1. A method, comprising: obtaining data identifying a set of pages to be ranked, wherein each page in the set of pages is connected to at least one other page in the set of pages by a page link; obtaining data identifying a set of n seed pages that each include at least one outgoing link to a page in the set of pages, wherein n is greater than one; accessing respective lengths assigned to one or more of the page links and one or more of the outgoing links; and for each page in the set of pages: identifying a kth-closest seed page to the page according to the respective lengths, wherein k is greater than one and less than n, determining the shortest distance from the kth-closest seed page to the page; and determining a ranking score for the page based on the determined shortest distance, wherein the ranking score is a measure of the relative quality of the page relative to other pages in the set of pages.
The Updated PageRank patent is:
Producing a ranking for pages using distances in a web-link graph
Inventors: Nissan Hajaj
Assignee: Google LLC
US Patent: 9,953,049
Granted: April 24, 2018
Filed: October 19, 2015
One embodiment of the present invention provides a system that produces a ranking for web pages. During operation, the system receives a set of pages to be ranked, wherein the set of pages are interconnected with links. The system also receives a set of seed pages which include outgoing links to the set of pages. The system then assigns lengths to the links based on the properties of the links and properties of the pages attached to the links. Next, the system computes the shortest distances from the set of seed pages to each page in the set of pages based on the lengths of the links between the pages. Next, the system determines a ranking score for each page in the pages based on the computed shortest distances. The system then produces a ranking for the pages based on the ranking scores for the set of pages.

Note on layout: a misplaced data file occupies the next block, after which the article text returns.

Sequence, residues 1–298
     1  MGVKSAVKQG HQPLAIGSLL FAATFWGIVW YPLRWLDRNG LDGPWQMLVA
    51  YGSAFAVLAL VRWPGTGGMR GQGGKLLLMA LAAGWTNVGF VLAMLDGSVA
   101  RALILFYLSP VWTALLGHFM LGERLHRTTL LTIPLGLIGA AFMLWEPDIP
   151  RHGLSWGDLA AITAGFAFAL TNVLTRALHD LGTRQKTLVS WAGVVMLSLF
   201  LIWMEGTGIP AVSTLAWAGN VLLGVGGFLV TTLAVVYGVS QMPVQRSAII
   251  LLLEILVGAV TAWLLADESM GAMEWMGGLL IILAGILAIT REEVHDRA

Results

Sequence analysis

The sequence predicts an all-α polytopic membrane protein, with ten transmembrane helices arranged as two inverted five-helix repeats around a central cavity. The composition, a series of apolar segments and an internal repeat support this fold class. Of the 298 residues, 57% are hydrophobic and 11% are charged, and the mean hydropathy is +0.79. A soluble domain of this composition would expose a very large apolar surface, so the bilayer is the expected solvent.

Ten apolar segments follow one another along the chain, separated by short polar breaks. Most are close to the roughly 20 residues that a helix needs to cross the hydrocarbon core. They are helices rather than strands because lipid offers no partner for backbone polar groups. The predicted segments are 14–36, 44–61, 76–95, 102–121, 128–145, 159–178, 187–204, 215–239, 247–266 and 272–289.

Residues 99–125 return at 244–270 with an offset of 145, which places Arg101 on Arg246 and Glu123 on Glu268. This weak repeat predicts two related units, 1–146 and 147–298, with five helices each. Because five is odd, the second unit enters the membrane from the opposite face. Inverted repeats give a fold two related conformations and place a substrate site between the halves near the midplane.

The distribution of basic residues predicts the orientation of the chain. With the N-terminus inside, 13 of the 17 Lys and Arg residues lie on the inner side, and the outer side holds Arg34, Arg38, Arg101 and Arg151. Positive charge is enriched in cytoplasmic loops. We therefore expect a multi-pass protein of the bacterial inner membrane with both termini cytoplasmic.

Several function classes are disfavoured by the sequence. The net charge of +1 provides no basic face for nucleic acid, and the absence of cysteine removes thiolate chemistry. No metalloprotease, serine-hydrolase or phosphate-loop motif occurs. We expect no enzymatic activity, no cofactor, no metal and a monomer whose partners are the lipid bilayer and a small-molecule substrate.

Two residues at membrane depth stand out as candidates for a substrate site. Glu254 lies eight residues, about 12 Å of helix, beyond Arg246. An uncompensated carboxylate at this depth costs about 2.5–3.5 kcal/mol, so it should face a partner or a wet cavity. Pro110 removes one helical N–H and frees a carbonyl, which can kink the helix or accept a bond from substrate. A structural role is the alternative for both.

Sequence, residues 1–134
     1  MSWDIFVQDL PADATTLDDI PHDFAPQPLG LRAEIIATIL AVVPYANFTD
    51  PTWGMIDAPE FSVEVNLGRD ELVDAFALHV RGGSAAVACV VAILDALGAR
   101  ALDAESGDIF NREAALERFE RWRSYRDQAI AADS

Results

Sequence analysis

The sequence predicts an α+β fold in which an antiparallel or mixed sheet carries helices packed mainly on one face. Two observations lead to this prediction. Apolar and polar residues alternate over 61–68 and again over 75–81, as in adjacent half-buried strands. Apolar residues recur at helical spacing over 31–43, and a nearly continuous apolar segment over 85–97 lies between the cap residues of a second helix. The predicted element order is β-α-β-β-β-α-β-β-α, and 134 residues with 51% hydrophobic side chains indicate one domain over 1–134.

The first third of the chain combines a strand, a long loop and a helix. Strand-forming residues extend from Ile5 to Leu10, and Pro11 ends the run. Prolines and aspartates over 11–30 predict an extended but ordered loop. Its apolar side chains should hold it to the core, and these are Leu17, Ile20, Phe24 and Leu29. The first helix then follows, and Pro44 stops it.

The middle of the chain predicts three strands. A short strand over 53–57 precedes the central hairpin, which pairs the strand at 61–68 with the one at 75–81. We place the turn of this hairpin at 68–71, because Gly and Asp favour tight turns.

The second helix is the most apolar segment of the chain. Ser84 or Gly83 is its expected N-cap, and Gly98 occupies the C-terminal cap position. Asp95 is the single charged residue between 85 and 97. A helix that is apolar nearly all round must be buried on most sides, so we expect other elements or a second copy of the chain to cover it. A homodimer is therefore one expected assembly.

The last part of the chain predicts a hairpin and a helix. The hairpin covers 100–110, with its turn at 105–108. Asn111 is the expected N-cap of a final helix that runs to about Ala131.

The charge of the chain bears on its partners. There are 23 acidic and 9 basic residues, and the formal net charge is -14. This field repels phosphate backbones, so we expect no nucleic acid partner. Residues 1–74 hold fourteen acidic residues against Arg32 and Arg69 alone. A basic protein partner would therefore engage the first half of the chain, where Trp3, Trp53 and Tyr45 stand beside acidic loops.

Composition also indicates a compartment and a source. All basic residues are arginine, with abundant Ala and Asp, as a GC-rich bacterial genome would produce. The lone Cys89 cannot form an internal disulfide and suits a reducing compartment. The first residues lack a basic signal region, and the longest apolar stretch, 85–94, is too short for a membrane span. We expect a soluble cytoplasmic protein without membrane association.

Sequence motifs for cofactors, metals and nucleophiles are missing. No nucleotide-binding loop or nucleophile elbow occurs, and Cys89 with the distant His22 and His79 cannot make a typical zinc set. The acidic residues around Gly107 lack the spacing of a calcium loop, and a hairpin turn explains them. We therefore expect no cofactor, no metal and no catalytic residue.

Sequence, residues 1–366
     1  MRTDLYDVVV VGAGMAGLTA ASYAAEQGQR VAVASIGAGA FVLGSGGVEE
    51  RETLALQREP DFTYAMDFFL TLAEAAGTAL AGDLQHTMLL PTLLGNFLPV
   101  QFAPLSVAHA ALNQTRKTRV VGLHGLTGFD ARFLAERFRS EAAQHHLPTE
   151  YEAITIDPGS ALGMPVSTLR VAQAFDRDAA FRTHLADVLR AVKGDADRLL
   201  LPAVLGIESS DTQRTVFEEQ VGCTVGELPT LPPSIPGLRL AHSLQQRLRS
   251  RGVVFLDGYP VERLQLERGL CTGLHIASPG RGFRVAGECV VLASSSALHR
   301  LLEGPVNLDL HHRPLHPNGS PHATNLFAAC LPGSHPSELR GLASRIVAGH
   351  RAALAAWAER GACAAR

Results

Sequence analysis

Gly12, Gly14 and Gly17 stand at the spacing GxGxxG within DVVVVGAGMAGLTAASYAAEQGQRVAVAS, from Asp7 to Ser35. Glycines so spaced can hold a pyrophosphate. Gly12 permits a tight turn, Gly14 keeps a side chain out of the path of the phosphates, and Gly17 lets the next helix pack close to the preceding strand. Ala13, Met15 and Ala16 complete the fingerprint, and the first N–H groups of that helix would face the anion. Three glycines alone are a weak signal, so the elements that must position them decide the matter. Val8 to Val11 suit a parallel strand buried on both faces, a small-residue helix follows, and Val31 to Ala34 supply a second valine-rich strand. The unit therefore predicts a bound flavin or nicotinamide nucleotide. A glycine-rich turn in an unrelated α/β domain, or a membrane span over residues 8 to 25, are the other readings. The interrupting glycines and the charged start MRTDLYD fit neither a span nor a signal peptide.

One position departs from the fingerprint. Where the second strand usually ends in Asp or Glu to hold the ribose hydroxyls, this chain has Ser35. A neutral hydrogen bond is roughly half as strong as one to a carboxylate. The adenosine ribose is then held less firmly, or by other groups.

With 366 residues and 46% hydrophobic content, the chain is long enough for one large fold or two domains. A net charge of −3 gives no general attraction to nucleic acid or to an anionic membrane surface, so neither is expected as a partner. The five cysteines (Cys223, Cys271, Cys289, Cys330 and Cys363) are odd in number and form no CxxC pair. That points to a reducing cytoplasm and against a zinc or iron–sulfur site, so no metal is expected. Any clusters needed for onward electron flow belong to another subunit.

Under the PageRank patent, we see how it might avoid manipulation by building trust into a link graph like this:
One possible variation of PageRank that would reduce the effect of these techniques is to select a few “trusted” pages (also referred to as the seed pages) and discovers other pages that are likely to be good by following the links from the trusted pages. For example, the technique can use a set of high-quality seed pages (s.sub.1, s.sub.2, . . . , s.sub.n), and for each seed page i=1, 2, . . . , n, the system can iteratively compute the PageRank scores for the set of the web pages P using the formulae:
.A-inverted..noteq..di-elect cons..function..times..fwdarw..times..function..times..function..fwdarw. ##EQU00002## where R.sub.i(s.sub.i)=1, and w(q.fwdarw.p) is an optional weight given to the link q.fwdarw.p based on its properties (with the default weight of 1).